The Hurun Research Institute’s inaugural report on China’s 500 most valuable private sector companies gives a snapshot of how China is changing. The top 10 companies are all instantly familiar names inside China and many have become global brand names too: Alibaba, Tencent, Ping An, Huawei, Ant Financial, Meituan Dianping, Bytedance, Jiangsu Hengrui Medicine, Midea and Didi Chuxing.
But what the report demonstrates above all is the wealth creation of China’s private sector. Collectively, the 500 are worth $5.22 trillion, equal to about 40% of Chinese GDP.
Helpfully, Hurun has also published comparative figures for five and 10 years ago. These show how the tech industry has swept all else aside. Seven of the current top 10 are outright technology companies. Of the remainder, Midea – a white goods giant – has staked its future on robotics (via its purchase of German firm Kuka) and Ping An – notionally a financial services firm – owes much of it market value to the ‘unicorn’ tech investments it has incubated in its ecosystem.
A decade ago Ping An would have been the most valuable company in the Hurun ranking with a Rmb400 billion ($57.96 billion) market capitalisation. Today it is Alibaba on Rmb3.8 trillion.
In terms of the world’s top 10 listed companies, it is a US firm that has enjoyed the biggest expansion in market capitalisation. Amazon – which broke through the milestone valuation mark of $1 trillion in September 2018 – has the bragging rights, its value up over 16.5 times.
Alibaba wasn’t listed back in 2009, although Tencent was in the public market. The Shenzhen firm’s value has risen just over 12 times in the past 10 years. Of course, some of the other Chinese tech giants haven’t fared nearly as well. The Hurun data shows that Baidu – the third company in the BAT troika – has not had the same explosive ride, instead falling to 15th in the ranking.
Other industries are no longer as prominent as well. Real estate is still second overall as a sector (with 68 companies), but its biggest entities have fallen down the rankings. The largest, Evergrande, was tenth a decade ago. Today it ranks in twentieth place.
More appearances from firms in advanced manufacturing (73 companies) demonstrate how China is marching up the value chain. Nine Dragons Paper – which made a fortune a decade ago recycling all the paper and packaging used to export goods to the US – has plummeted from the top 10 to 208th. Its slot has been filled by Huawei.
Huawei must have presented Hurun with some of its most difficult calculations as it isn’t listed on any bourses. Not everyone agrees with the Rmb1.2 trillion valuation that Hurun awards to the global leader in 5G telecoms equipment either. In some cases they think it has understated Huawei’s worth. For instance, Ni Guangnan from the Chinese Academy of Engineering believes Huawei should rank higher than Alibaba and Tencent. He argues that Huawei enjoys almost double Alibaba’s revenues and gross profits. Net profit is lower, however, because of higher expenses in sales and R&D.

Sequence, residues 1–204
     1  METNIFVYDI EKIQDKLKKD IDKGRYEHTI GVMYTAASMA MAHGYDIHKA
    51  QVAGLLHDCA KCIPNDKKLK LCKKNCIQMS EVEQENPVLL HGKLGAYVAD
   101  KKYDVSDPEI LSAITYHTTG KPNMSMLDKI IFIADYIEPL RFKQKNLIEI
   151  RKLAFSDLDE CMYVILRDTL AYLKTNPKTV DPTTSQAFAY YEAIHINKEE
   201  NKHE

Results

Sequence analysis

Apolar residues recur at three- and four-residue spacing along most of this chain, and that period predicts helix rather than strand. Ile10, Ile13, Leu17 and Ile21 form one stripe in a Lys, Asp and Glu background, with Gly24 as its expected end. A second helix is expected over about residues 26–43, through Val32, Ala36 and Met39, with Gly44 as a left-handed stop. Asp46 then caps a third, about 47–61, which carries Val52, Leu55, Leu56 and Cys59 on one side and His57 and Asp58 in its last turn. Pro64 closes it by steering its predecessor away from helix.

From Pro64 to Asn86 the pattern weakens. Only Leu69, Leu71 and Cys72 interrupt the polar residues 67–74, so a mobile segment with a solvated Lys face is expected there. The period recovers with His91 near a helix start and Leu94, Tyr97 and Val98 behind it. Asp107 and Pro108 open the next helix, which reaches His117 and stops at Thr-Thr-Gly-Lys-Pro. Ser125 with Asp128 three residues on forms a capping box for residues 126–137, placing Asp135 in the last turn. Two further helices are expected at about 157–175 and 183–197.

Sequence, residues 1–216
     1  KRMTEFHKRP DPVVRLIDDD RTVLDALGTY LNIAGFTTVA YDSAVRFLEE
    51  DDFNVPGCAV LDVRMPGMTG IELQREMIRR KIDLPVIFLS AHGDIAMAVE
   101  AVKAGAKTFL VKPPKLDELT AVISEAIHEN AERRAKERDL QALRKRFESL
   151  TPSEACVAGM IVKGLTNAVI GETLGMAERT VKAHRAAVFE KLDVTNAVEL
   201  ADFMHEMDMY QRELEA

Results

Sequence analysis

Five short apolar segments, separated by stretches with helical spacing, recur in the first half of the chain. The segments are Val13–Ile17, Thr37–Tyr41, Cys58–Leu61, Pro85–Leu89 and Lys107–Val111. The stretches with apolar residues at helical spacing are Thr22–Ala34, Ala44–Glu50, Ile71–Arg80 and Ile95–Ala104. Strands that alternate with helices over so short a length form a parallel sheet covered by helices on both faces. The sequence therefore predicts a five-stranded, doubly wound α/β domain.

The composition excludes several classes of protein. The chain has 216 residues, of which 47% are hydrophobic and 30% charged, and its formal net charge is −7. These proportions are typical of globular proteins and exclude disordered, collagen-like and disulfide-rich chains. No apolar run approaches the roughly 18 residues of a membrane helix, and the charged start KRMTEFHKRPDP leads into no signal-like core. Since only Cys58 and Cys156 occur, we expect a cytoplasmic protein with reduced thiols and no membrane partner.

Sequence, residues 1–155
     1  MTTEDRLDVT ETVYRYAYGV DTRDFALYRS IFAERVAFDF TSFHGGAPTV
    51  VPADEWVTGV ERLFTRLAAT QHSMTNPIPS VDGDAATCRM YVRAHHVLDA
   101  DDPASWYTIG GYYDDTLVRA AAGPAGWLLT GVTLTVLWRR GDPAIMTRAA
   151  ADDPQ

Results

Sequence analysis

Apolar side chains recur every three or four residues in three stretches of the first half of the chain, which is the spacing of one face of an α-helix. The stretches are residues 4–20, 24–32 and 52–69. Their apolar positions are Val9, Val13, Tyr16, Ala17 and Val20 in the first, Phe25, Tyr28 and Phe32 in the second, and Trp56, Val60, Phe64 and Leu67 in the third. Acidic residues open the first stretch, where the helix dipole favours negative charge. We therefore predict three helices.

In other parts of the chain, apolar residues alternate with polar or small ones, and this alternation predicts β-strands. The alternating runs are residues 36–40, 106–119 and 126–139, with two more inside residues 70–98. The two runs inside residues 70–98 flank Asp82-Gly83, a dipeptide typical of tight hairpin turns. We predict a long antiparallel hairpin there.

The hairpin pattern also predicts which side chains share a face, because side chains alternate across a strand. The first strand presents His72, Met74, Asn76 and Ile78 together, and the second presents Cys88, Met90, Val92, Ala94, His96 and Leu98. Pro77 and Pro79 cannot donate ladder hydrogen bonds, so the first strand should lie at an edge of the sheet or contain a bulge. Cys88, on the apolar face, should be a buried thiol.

Hurun also points out that about a third of the 500 firms on its list have yet to float any of their shares on local or foreign bourses. That includes four in the top 20, three of which (Bytedance, Didi and Lufax) have all expressed ambitions to go public.
One surprising element in the rankings is that a few of the companies have non-Chinese founders. Arguably this indicates that China hasn’t been quite as closed off to foreign entrepreneurs as its critics have claimed (although some might take the alternate view – that there should be more foreign-founded firms in the mix, given the size of the Chinese market). BeiGene, ranked 75th, was co-founded by American John Oyler in 2010, while Denmark’s Allan Warburg and Dan Friis set up Bestseller Fashions in 1996 (listed at 410 on Hurun’s list).
Another standout statistic is where the most valuable firms are located. In terms of cities, Beijing comes top with 101 candidates, but Guangdong is the most productive province, with 116 of the 500.
Jinan University professor Yang Ying attributes this to Guangdong’s policies to encourage the private sector, something that the central government is trying to make more of a priority nationally as well.
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